With our designations today under Section 311, we are signaling to the world that we are serious about ensuring that the international financial system is safeguarded against the threat of money laundering. Our words have meaning and our actions have real teeth: these jurisdictions are bad for business, and U.S. institutions now must recognize this fact.
“We are telling the world clearly that these jurisdictions are bad for business and that their financial controls cannot be trusted. We are serious about ensuring that the international financial system not be abused by money launderers, terrorist financiers, and other criminals.
Our use of Section 311 today to designate two jurisdictions as primary money laundering concerns is yet another tool that we are using to ensure the international financial system is not abused by criminals. The world stands on notice: these jurisdictions do not take the fight against money laundering and financial crime seriously.
-Deputy Treasury Secretary Ken Dam
USA PATRIOT Act Section 311
Section 311 (31 U.S.C. 5318A) authorizes Treasury to designate a foreign jurisdiction, financial institution, class of transactions, or type of account as being of “primary money laundering concern,” and to impose one or more of five “special measures.”
Four of the special measures impose information-gathering and record-keeping requirements upon those U.S. financial institutions dealing either directly with the jurisdiction designated as one of primary money laundering concern, or dealing with those having direct dealings with the designated jurisdiction. Under the fifth special measure, a U.S. financial institution may be prohibited from opening or maintaining in the U.S. a correspondent account or a payable-through account for a foreign financial institution if the account involves the designee.
This is the first time this authority has been invoked.
Countries Designated: Ukraine and Nauru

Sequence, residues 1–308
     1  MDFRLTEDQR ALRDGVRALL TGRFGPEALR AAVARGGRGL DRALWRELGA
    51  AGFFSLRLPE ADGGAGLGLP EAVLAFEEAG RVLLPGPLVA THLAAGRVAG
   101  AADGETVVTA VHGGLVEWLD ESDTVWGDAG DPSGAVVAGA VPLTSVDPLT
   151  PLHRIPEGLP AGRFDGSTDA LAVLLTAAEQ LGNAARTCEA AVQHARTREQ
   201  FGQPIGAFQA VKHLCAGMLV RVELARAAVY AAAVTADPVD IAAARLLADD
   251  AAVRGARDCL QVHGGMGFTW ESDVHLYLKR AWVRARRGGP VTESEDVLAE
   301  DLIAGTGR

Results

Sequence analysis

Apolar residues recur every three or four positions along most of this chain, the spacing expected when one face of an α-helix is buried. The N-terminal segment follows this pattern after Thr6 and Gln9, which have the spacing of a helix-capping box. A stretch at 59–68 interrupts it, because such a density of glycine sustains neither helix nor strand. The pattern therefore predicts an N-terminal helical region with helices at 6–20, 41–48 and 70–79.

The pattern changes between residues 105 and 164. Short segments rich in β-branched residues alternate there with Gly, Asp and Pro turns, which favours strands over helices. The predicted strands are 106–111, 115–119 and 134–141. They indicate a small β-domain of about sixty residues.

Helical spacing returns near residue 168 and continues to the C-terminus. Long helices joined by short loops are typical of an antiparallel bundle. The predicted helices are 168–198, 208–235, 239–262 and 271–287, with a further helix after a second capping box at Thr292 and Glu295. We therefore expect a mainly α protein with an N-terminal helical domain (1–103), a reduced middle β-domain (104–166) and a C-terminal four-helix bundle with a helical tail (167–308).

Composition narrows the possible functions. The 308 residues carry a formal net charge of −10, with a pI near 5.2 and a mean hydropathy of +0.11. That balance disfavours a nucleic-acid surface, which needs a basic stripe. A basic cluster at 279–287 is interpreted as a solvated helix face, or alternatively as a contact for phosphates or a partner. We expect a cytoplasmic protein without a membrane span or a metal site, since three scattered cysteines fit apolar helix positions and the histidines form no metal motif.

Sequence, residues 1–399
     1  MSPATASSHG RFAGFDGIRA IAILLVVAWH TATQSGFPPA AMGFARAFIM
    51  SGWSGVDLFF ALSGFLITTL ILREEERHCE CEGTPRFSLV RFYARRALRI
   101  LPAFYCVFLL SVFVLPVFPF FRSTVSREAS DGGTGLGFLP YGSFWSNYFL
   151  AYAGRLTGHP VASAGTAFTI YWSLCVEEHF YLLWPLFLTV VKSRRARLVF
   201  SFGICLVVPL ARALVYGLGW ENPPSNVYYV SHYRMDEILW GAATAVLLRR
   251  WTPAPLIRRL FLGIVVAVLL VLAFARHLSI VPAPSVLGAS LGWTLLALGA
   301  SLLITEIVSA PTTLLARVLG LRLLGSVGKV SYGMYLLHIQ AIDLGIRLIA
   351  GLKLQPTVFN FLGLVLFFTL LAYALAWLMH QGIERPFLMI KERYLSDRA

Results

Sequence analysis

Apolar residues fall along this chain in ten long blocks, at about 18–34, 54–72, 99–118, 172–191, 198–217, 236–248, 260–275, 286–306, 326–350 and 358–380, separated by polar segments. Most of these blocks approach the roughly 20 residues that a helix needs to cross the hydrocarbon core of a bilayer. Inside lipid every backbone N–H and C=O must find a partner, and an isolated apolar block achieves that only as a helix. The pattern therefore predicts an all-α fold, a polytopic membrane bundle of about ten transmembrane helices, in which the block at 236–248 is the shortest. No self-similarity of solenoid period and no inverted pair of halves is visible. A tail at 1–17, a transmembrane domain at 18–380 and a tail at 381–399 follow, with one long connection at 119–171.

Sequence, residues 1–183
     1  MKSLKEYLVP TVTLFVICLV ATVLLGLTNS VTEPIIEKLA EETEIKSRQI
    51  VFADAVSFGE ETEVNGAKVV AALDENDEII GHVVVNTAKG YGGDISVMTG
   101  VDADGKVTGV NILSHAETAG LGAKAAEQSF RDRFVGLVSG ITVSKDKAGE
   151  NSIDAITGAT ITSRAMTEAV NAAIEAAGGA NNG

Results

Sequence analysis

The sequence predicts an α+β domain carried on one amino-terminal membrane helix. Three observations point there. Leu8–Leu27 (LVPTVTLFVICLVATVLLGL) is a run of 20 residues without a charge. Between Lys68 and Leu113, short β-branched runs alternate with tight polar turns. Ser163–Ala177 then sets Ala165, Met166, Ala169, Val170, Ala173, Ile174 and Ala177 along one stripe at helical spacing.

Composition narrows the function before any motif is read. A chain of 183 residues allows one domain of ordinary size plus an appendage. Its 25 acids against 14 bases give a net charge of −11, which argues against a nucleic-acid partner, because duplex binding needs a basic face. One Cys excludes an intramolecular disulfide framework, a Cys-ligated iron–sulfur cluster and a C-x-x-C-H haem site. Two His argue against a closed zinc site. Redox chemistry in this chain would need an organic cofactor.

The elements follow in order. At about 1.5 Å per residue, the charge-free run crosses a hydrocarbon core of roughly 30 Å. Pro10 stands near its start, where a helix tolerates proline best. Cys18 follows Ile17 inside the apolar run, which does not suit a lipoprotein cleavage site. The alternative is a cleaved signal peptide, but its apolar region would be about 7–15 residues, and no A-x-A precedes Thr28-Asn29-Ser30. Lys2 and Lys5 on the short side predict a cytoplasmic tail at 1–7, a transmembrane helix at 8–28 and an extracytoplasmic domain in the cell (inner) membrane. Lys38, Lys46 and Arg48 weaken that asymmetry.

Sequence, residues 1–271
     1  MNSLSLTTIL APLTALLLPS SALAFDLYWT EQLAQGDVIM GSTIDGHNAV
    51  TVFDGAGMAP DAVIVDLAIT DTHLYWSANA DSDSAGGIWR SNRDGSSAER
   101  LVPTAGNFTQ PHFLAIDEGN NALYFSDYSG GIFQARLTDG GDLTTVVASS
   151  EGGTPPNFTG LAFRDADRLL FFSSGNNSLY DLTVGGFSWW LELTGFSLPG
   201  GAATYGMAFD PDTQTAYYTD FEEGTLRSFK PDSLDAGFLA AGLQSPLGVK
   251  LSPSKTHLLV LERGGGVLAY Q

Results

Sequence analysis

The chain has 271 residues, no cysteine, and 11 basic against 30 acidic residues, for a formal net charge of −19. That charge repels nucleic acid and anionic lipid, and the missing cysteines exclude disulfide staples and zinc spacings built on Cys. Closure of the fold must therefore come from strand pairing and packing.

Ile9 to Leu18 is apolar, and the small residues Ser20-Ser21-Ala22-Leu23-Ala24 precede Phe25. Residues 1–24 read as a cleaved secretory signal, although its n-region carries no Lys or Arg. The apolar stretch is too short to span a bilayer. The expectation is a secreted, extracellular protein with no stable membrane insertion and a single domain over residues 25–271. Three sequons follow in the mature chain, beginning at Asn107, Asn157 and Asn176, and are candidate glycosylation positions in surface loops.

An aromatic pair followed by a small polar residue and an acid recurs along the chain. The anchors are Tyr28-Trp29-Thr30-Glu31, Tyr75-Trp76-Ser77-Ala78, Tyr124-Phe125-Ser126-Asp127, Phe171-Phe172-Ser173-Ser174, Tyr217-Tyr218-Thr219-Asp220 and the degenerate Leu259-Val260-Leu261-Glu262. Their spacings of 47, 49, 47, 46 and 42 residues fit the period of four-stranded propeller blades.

Treasury, in consultation with other U.S. agencies, designated Ukraine as being of “primary money laundering concern” on December 20, 2002.
Treasury intends to impose requirements on U.S. financial institutions based on Special Measures 1 – 4.
Treasury is soliciting comments from U.S. financial institutions regarding the parameters of the proposed special measure.
Treasury, in consultation with other U.S. agencies, designated Nauru as being of “primary money laundering concern” on December 20, 2002.
The Treasury intends to impose Special Measure 5, which will prohibit U.S. financial institutions from opening or maintaining correspondent accounts with Nauru-licensed financial institutions.
Financial Action Task Force (FATF)
FATF is the premier multilateral body in the international fight against money laundering and terrorist financing. For more information on FATF consult its website at www.fatf-gafi.org.
Through its Non-Cooperative Countries and Territories (NCCT) process, FATF seeks to identify and take action with respect to jurisdictions that fail to meet international anti-money laundering standards.
As a result of their failure to put into place sufficient anti-money laundering frameworks, FATF – through the NCCT process – has called upon its members to impose countermeasures with respect to Ukraine and Nauru.
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